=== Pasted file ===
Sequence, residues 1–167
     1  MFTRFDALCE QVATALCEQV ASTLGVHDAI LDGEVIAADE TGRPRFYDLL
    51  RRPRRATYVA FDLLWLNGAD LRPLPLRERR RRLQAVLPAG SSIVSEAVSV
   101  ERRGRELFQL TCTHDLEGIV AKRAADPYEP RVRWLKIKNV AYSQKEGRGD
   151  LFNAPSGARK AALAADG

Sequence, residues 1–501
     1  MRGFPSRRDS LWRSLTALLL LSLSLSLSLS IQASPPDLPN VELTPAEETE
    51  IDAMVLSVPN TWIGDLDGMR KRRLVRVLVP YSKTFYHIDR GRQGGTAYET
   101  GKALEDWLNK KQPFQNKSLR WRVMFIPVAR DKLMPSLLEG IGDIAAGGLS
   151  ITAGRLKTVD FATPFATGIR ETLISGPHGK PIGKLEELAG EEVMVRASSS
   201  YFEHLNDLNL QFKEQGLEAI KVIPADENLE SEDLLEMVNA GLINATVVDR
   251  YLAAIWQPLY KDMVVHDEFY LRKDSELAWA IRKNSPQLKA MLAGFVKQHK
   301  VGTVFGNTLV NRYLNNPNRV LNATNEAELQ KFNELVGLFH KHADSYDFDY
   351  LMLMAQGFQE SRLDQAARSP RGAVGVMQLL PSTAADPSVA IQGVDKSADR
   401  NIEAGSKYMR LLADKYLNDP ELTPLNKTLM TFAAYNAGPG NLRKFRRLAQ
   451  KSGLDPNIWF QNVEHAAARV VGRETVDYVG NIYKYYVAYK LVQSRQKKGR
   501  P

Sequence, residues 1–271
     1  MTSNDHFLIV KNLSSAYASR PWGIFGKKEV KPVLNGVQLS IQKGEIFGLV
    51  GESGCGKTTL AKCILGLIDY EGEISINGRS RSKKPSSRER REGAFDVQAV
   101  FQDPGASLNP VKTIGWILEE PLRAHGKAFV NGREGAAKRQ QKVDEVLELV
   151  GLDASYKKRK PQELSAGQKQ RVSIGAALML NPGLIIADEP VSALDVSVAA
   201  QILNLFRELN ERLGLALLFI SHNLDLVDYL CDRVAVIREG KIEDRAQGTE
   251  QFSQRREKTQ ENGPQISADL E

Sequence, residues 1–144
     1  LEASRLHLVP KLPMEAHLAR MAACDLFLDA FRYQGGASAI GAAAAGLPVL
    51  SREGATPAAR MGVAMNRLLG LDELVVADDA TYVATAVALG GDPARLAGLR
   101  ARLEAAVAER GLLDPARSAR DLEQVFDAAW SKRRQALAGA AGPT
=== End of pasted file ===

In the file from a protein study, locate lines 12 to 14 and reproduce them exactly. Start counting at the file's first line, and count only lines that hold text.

   251  YLAAIWQPLY KDMVVHDEFY LRKDSELAWA IRKNSPQLKA MLAGFVKQHK
   301  VGTVFGNTLV NRYLNNPNRV LNATNEAELQ KFNELVGLFH KHADSYDFDY
   351  LMLMAQGFQE SRLDQAARSP RGAVGVMQLL PSTAADPSVA IQGVDKSADR